Sundfœrr (6th Moon Cycle)
The Fisher’s Moon, represented by the otter. Those who wish to pass this Vinna must gather enough of the bounty of the seas and rivers to be judged an adult, and it is the other Sundfœrr who judge that they have done enough to be worthy of the mark that they all wear or get tattooed upon them:
Hildis (7th Moon Cycle)
The Artisan’s Moon, represented by the sun. The feast of Hildis is one of beauty. This Vinna is meant for all those who create pieces of art, whether that be a gorgeous piece of jewelry or a perfectly shaped sword. Those who wish to wear the sash of Hildis, a red band bordered by a golden sunburst, must present a masterpiece item of their making at the feast.
Veida (8th Moon Cycle)
The Gatherer’s Moon, represented by the mountain sheep. The feast of Veida is one of gathered plants, wild berries and vegetables, as well as anything that those who wish to claim Veida’s spirit can manage to grow in the frozen wasteland of the north. It is common for those who claim the Gatherer’s Moon to wear clothing dyed as green as spring’s new shoots.
Skynda (9th Moon Cycle)
The Explorer’s Moon, represented by the fox. Few of Hale take the spirit of Skynda as part of their Vinna, but those who do leave their clan with only the supplies that they can carry and seek out the treasures of the past that lay buried in the ice of the Everfrost. Those who are able to force the ice to give up her bounties proudly wear a compass rune upon their skin.
Volkun (10th Moon Cycle)
No one in the Everfrost celebrates the Volkun moon any longer. The Volkun are assumed to have died out, burned for their crimes and the use of bone magic centuries ago. There are whispers that far to the north there are those who still know how to claim this spirit, but few believe these rumors.
Thrud (11th Moon Cycle)
The Hunter’s Moon, represented by the wolf. It is customary for those who wish to take this Vinna to kill one of the great predators of the north and serve it as part of the feast, whether it is one of the of the glacier wolves, one of the great white bears, or a fierce mountain cat. Those who pass this Vinna and claim the spirit of Thrud wear a necklace made of the teeth or claws of their trophies to show prowess as a hunter.
Nanna (12th Moon Cycle)
The Diplomat Moon, represented by the owl. This moon happens near the darkest, longest nights of the year. To claim this Vinna, a child must entertain those gathered for the feast with word and story and deed, providing entertainment and hope as the hungry wind screams at the doors. It is important for them to keep the peace as well, as the darkness in the hearts of men starts to seep into the world. Those who pass this Vinna often carry a light fixed atop a staff to show that they are bringers of light and laughter to their community.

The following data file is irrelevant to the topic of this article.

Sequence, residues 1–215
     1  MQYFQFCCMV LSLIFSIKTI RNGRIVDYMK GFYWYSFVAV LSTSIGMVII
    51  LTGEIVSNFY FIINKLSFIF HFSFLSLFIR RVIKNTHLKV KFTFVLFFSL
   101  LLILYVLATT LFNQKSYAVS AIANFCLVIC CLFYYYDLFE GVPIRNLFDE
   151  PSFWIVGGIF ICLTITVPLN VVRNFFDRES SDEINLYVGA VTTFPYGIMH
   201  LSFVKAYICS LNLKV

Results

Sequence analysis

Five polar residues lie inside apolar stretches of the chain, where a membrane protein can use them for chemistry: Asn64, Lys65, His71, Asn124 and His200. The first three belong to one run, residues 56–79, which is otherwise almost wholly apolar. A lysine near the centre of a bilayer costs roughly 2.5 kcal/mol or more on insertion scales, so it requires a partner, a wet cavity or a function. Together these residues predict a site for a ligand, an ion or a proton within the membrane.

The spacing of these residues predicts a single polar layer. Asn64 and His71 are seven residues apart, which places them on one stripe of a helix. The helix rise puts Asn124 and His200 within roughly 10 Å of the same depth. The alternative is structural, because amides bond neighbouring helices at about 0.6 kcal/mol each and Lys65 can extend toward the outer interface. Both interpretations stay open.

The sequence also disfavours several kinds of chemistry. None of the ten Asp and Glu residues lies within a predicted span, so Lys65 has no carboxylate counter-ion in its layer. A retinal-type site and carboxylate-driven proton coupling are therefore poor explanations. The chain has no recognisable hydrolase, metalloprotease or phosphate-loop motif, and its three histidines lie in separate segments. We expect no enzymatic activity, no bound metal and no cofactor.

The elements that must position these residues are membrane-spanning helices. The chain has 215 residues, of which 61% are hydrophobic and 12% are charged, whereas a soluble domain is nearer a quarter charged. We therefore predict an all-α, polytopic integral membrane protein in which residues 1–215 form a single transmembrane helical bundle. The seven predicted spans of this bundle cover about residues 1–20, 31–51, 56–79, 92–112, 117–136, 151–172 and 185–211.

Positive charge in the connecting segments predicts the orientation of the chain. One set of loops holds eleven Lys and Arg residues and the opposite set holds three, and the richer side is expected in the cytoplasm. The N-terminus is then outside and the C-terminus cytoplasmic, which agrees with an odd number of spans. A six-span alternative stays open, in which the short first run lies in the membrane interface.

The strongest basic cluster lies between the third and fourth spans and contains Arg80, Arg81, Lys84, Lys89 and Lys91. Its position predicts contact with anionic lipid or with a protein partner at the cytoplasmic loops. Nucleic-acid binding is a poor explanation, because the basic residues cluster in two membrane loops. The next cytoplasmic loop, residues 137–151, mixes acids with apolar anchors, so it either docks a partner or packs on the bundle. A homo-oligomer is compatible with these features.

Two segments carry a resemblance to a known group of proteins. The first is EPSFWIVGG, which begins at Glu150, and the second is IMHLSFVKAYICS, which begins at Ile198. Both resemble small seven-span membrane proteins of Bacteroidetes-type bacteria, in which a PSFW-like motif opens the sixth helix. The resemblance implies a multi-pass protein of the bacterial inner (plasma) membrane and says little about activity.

The Host of the Dead
There are times of the year, especially as the nights grow longer during the winter months, that blue and green lights dance across the northern sky. It is then that the people of the Everfrost close their doors and draw their shutters so that light does not leak into the outside, for it is said that those lights are the torches of the dead and any who are abroad as the host of the dead ride through the northern sky are fated to join them.
The Forest Feast
The feast that used to take place in Volkun’s moon, or the 10th moon cycle, has changed, as the people of the Old Ways have been driven underground. In its place is the Forest Feast, where the people of Hale dress up as the mythological guardians of the Everwood and pretend to be invading. It is expected that they will challenge everyone they meet, especially others who are dressed in costume, and the day is famous for the fights and challenges that take place. So much so, in fact, that those people who do not wish to have to prove their strength walking down the street often remain indoors.
The yearly celebration comes with heavy drinking, thanks to the generosity of the Lords of Grimfrost who see this as a chance for the clansfolk to burn off some of their “savage energy” and keep another uprising from taking place. Although it is rumored that some of the deaths that have happened during the Forest Feast are not from challenges and fights that have gone wrong, but rather the work of the Lords of Hale who use it as an excuse to murder people they dislike.
Inside almost every home in the Everfrost, there is a small altar upon which elegantly carved statues, made of stone, wood, or bone, are placed. Sometimes the altars also bear a container of spirits, dried bread or meat, or other offerings. If asked, any member of the household can usually tell the story of each statue, as each one represents the honored dead of the household. Warriors slain in battle, heroes, wise people who fell in its defense. It is common for visitors to the house to pay their respects to the Bera, and for members of the house to greet their ancestors upon returning home or upon waking.